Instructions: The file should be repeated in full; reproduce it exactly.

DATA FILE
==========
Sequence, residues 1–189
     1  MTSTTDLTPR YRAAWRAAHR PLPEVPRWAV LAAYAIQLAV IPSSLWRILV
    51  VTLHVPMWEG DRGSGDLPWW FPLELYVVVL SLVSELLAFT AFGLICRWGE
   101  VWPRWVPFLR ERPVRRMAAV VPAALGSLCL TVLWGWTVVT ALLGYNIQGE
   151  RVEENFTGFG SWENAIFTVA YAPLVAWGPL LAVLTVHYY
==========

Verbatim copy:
Sequence, residues 1–189
     1  MTSTTDLTPR YRAAWRAAHR PLPEVPRWAV LAAYAIQLAV IPSSLWRILV
    51  VTLHVPMWEG DRGSGDLPWW FPLELYVVVL SLVSELLAFT AFGLICRWGE
   101  VWPRWVPFLR ERPVRRMAAV VPAALGSLCL TVLWGWTVVT ALLGYNIQGE
   151  RVEENFTGFG SWENAIFTVA YAPLVAWGPL LAVLTVHYY